Here’s a bad news/good news twist. The bad news is, very often love felt and expressed isn’t reciprocated. It doesn’t have to be reciprocated to be true love. It feels a whole lot better if it is reciprocated, but if you really love someone with all your heart, then you love her or him whether or not that love is returned. That’s the bad news. The good news is, we humans are capable of loving more than one person. When it comes to romantic love, I think it’s much more tidy to let that love extend to only one person at a time, and I wonder if those people who are carrying on loving romantic relationships with more than one person at a time aren’t diluting the true intensity of love for themselves as well as for those whom they love. But if I told you that you shouldn’t love more than one person at a time, that is if you are male, I’d be advising you to defy holy scripture. Women, however, are biblically limited to one husband at a time.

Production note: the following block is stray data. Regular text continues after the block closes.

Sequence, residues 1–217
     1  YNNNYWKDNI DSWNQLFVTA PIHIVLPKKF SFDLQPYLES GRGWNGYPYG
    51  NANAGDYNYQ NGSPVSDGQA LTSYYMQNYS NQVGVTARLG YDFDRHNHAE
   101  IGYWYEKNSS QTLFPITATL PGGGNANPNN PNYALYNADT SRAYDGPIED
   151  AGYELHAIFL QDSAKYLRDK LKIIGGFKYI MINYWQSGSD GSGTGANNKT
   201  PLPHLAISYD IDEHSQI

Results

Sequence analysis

So, again, love doesn’t have to be reciprocated to be true love, and often it will not be. If it is not being reciprocated, the healthy thing to do is to acknowledge your emotions and move on. Someone will tell you, “There’s more than one fish in the sea,” which is no consolation whatsoever, but the good news is, it is possible to love someone else who may well love you in return; that’s the goal.

If you do head out in search of love when someone you love stops loving you in return or never has been able to love you in return, here is some really sound, solid pastoral advice, which also happens to be common sense: never settle. Never settle. I say that knowing that after facing rejection even by someone who is very kind about the rejection, saying that she or he just doesn’t feel what you feel, the easiest thing in the world to do is to take the very next halfway decent candidate who has limited baggage and no criminal background.